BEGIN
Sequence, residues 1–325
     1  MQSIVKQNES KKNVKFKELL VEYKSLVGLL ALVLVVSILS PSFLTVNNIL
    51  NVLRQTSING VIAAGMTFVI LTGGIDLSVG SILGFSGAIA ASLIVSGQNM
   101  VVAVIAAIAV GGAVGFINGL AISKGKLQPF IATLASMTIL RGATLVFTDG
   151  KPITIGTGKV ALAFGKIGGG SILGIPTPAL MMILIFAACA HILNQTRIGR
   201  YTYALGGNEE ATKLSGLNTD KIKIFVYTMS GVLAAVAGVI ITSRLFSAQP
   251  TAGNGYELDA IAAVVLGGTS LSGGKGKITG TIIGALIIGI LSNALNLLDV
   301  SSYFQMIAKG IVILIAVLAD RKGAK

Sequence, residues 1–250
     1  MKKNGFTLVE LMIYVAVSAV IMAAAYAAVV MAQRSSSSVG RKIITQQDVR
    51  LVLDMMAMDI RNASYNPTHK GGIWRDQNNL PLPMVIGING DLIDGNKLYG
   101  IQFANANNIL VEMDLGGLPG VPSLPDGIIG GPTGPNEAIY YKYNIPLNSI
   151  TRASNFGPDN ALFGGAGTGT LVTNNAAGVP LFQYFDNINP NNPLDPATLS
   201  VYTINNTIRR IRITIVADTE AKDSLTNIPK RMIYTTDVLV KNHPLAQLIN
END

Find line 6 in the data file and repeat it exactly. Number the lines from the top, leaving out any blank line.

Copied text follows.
   201  YTYALGGNEE ATKLSGLNTD KIKIFVYTMS GVLAAVAGVI ITSRLFSAQP